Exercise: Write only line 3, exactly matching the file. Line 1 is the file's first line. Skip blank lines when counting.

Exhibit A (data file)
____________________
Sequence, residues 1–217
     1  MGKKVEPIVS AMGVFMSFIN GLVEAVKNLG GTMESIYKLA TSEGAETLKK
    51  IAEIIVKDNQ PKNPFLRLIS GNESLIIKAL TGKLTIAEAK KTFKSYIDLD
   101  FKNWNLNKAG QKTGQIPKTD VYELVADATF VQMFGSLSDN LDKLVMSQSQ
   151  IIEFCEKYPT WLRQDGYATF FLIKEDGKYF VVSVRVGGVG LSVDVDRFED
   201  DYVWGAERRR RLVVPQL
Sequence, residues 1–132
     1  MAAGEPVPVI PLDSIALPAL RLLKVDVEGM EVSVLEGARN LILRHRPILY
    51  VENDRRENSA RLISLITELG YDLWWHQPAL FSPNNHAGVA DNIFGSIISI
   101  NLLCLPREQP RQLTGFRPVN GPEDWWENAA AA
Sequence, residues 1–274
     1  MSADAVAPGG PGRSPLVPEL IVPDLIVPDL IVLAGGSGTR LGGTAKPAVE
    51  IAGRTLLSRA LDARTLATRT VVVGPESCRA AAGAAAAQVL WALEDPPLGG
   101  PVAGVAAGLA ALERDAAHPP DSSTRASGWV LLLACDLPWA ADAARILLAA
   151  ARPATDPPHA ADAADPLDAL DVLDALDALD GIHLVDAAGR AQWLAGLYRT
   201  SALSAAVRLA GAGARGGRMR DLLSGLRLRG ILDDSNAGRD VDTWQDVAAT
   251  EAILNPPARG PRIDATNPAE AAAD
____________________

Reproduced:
    51  IAEIIVKDNQ PKNPFLRLIS GNESLIIKAL TGKLTIAEAK KTFKSYIDLD